Monthly Archives: May 2015

Movie Monday: Tomorrowland Review


Tomorrowland is the latest Disney release and a movie that exceeded my expectations. This film is a family friendly movie filled with wonder and magic. The special effects are flawless and stunning. The storyline is one that will get you thinking about your own impact on our world and what direction we as a civilization are headed.

The film begins with the story of a determined teenage girl who has a rebellious side and a tendency to look at the world through possibilities, instead of reality. When everyone around her accepts fate and how things simply ARE, she is the one asking “What can we DO about it to make a change?” She is targetted by a young girl with a mission to save the world in extraordinary ways and thus begins a crazy adventure as they make their way to a future world filled with things we now only know in our imagination. A simple pin opens a gateway and she soon discovers she may be the only thing capable of saving her world from utter destruction. And she doesn’t have much time to do so.

This movie has scenes that will make you laugh out loud, and scenes that will make you feel a tug in your heart. It ends with a mission statement of sorts, to all of the dreamers and doers. A cinematic experience for all ages, although I think ages 8 and up would be most able to follow the story line. I went to see this one with Justin and we both adored it. So, it’s definitly not dull for adults to go see without the children. I would say this movie is comparitive in theme and plot to Big Fish and Jupiter Ascending. Another bravo for Disney.


The Skin We’re In


In 2000, when I got pregnant with my first son I weighed 98 pounds.

I got back down to that weight with ease after each of my first 4 children were born.

I was a size zero.

But I was not happy with my body.

I was healthy, fit, in shape, active, toned. But in MY mind, my ass was not round enough, my breasts were too pointy, not shaped right. (Ah, false beauty standards.) I wished I was taller. A little curvier. Maybe blonde Barbie doll was what I longed to be. Whatever it was, it wasn’t what I was. I was not happy with the skin I was in.

It got a little more difficult to lose the weight after my 5th and 6th child. I plateaued at 115 pounds with both. It drove me mad. Turns out a little extra padding didn’t make me any more content with who I was. I hated the extra weight on my thighs, on my hips. I berated myself in the mirror. 115 sounds like nothing but at 5 feet tall and being used to having a very petite body your entire life, it’s a transition.

Then in 2014 I birthed my seventh child. A daughter. This baby had me craving sweets throughout the entire pregnancy. I could eat 6 doughnuts in one sitting. I was up in the middle of the night shoving cheesecake in my mouth. I ate and ate. And gained. To make it worse, I dealt with horrible pain from a torn groin ligament durin the last trimester that made it impossible to roll over in bed or walk without being in extreme pain. So I became sedentary, and kept eating. I weighed close to 170 when I gave birth.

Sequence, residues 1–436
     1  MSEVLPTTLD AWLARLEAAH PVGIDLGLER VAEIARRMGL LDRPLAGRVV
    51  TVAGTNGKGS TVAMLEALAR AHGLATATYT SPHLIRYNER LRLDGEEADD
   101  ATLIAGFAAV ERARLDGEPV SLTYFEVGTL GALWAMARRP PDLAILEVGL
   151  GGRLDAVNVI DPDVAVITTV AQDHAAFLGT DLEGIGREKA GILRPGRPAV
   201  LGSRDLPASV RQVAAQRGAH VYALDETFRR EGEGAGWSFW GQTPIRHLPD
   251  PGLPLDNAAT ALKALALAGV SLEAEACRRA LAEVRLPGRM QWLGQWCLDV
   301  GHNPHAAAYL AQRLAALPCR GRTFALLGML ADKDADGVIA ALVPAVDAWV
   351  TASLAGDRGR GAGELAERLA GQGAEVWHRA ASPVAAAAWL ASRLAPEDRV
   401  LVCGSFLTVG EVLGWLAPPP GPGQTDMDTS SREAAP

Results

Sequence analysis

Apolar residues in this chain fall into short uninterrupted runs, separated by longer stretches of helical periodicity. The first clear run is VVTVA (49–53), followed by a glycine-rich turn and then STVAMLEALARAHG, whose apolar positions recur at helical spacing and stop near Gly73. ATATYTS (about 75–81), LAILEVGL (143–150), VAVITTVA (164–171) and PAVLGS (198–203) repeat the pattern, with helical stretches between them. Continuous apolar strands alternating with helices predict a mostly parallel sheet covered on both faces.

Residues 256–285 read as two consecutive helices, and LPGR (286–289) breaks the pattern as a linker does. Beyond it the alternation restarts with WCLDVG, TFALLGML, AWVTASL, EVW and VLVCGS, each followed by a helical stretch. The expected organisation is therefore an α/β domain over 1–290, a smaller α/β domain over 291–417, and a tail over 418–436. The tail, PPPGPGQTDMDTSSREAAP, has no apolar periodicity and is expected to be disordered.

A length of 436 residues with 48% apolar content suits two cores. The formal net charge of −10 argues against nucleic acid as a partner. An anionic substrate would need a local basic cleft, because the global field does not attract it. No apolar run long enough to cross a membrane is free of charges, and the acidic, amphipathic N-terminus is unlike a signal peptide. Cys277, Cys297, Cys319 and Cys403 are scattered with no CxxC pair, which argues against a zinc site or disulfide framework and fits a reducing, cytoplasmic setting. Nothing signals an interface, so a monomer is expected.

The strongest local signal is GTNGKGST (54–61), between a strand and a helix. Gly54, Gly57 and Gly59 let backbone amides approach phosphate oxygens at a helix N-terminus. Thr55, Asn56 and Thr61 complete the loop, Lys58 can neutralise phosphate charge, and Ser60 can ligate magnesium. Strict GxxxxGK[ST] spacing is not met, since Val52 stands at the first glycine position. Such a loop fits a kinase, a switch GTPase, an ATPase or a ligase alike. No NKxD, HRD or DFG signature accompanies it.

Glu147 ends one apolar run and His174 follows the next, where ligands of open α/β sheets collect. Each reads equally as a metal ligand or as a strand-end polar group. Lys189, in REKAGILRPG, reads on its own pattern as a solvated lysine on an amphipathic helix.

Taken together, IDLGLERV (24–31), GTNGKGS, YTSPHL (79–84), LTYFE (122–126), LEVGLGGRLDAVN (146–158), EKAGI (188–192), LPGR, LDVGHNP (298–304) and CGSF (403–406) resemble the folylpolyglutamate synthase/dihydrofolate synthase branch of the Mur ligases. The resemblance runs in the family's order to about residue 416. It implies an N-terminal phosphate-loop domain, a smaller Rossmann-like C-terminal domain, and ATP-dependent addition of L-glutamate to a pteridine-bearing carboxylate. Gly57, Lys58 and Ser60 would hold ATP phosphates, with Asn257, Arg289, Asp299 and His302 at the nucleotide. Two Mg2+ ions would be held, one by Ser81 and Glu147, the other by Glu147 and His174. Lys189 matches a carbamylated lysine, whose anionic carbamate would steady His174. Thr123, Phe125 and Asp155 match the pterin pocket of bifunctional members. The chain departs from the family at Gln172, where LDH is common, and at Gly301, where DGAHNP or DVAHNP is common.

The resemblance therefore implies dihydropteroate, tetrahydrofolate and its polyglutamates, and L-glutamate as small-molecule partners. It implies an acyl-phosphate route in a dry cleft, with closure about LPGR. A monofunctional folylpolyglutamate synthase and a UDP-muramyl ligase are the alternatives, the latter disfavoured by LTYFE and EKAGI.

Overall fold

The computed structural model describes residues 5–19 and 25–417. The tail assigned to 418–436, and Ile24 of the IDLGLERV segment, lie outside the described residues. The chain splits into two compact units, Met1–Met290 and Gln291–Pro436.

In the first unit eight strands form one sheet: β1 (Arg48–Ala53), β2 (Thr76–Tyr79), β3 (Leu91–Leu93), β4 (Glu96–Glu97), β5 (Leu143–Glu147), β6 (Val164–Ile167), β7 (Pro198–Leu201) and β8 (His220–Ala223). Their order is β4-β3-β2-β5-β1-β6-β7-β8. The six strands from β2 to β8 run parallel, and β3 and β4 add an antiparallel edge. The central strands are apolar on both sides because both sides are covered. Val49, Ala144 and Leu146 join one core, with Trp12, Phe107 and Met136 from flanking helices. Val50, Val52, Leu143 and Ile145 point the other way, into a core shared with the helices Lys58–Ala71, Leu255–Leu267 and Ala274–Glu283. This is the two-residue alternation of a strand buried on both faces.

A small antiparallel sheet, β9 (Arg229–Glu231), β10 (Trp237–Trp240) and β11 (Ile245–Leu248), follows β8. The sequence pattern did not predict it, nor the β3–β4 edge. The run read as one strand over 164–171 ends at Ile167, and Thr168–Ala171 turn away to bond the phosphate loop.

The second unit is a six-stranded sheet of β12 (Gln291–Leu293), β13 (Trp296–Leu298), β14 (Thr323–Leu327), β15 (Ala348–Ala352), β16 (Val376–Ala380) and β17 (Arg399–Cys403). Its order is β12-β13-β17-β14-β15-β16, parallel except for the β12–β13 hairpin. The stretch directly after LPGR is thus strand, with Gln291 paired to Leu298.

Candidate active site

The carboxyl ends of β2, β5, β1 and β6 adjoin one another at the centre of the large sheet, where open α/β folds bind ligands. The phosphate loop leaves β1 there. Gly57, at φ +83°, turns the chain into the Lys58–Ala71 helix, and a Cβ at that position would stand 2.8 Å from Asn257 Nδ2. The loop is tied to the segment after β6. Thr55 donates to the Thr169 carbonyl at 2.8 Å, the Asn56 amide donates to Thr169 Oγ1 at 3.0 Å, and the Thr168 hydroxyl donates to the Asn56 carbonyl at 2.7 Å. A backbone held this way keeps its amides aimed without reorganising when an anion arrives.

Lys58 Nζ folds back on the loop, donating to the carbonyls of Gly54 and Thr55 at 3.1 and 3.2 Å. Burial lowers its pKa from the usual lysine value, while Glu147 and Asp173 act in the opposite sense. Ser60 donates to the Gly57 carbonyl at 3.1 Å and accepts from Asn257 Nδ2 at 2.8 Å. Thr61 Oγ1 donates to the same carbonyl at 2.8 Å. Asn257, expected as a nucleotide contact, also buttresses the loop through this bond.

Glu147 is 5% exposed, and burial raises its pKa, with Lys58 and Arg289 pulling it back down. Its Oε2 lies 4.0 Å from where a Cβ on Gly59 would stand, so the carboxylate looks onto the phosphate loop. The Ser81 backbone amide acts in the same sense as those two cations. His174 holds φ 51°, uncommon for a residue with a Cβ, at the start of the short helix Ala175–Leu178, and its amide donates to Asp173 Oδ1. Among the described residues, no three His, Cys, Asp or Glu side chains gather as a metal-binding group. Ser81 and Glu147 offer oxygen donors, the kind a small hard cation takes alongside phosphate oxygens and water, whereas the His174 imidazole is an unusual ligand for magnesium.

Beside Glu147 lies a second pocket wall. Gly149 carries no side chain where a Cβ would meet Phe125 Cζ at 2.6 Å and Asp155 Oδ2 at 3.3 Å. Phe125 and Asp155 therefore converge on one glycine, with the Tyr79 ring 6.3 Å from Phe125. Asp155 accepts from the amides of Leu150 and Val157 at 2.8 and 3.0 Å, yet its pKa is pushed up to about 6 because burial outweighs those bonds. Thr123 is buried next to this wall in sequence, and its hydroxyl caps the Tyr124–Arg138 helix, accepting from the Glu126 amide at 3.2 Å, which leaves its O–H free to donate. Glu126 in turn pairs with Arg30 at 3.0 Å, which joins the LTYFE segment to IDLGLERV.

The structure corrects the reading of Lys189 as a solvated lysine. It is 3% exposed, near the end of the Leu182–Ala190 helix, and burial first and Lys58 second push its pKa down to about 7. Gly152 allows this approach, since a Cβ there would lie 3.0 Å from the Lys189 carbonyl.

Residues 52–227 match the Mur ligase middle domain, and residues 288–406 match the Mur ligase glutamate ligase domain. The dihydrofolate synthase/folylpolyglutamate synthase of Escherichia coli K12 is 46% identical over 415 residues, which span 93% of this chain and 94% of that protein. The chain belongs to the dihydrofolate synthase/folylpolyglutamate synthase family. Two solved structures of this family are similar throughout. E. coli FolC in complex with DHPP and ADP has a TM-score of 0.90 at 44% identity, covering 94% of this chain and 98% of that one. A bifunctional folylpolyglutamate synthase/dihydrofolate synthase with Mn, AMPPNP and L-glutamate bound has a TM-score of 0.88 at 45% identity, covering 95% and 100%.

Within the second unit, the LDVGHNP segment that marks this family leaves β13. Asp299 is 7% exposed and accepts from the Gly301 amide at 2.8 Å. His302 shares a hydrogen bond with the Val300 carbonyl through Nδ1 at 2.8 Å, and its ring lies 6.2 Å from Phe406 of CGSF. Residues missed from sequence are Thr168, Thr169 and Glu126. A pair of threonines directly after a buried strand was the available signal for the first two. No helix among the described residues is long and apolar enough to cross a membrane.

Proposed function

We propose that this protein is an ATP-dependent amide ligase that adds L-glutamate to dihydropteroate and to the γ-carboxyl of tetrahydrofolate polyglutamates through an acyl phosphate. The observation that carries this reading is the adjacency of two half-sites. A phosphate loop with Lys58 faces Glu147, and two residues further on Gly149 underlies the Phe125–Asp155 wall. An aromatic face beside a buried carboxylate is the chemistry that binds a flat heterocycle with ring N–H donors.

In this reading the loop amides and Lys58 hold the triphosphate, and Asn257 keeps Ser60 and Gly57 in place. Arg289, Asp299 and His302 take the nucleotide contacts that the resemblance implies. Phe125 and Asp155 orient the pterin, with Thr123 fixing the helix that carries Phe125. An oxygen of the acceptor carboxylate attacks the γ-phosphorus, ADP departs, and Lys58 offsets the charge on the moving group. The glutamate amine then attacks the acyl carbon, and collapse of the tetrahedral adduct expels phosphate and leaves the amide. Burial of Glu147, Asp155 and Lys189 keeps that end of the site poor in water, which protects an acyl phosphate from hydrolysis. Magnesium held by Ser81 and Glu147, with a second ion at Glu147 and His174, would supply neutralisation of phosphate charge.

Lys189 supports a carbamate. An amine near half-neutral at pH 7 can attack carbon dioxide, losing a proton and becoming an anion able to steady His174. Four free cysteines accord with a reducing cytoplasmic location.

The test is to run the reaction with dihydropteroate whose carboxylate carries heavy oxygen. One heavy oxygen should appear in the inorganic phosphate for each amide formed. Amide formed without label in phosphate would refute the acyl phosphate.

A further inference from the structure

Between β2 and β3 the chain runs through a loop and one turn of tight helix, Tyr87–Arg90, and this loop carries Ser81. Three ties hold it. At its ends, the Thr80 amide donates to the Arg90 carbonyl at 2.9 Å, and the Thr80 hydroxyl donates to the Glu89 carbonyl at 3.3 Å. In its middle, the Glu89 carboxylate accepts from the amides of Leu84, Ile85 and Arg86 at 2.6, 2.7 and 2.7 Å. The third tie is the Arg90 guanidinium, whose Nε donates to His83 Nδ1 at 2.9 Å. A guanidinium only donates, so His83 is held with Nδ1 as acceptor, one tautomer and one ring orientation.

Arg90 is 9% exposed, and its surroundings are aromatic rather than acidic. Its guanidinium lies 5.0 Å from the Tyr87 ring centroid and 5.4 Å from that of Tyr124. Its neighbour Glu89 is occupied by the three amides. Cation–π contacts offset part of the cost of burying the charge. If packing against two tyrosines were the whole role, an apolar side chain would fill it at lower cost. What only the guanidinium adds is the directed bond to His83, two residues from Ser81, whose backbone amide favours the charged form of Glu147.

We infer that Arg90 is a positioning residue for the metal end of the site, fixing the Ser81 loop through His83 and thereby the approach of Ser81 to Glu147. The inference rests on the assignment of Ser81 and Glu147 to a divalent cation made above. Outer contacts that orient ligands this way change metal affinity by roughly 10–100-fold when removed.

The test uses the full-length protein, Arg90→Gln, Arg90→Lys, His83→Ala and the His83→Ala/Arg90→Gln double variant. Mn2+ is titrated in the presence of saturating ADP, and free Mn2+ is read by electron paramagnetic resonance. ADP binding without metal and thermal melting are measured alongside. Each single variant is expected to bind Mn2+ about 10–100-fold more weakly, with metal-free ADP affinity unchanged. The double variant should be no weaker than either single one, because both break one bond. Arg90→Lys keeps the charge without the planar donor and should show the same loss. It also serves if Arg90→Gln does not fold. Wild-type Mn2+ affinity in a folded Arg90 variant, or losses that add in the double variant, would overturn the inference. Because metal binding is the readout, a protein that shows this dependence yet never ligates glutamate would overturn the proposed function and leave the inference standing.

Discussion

It took almost  a year of dieting and exercise to get down to 150. Then 145. Then 151. Then 148. Then 150. Around and around I went. I ate strict diets, being careful to not eat too little, to balance my nutrients properly. No fatty junk no starches, no meats. I sacrificed. I worked out. Wore ankle weights all day every day. Walked miles on my treadmill. Did Insanity workouts, yoga, cardio, kickboxing, tae bo, weight lifting. Nothing helped. Finally I discovered what postpartum-induced hypothyroidism was. I began to take supplements and it helped. But not a lot. Justin bought me a bike. I started biking. I started doing squats. A hundred a night.

Despite all of my best efforts, the scale still informed me I was teetering at the brink of obesity. 150 doesn’t sound like much, but at only 5 feet tall, every pound shows. I would stand naked in front of my mirror ad berate my own flesh. The love handled. My round full thighs. The flabby looking mom tummy that my children once lived within. My breasts, no longer perky after feeding seven babies into toddlerhood. After a year of pumping for my youngest. After pumping to donate milk to two precious babies.


What was I DOING?

Look at these hips They have balanced babies and children on them for years now. Not only my own , but all of the kids I taught in preschool before I became a mother. My younger siblings. Children I nannied for. These hips are a safe place to be, they are soft and strong. Speaking of strong, look at these thighs. Thick and solid. I pedal my bike with my baby on my back, I kick a soccer ball to one of my sons, I climb stairs while holding a toddlers hand, I squat down in the middle of a contraction, pushing a baby from within my body out past these thighs.

My breasts are not perfect round silicone. They are soft from all of the love they have given away. They are familiar. They are made up of skin and sinew and blood vessels and milk duct. Intricate milk ducts that flowed life to my children and to other peoples children  when needed. I am deeply grateful for my breasts. Even now when they refuse to make more milk , we are in this together.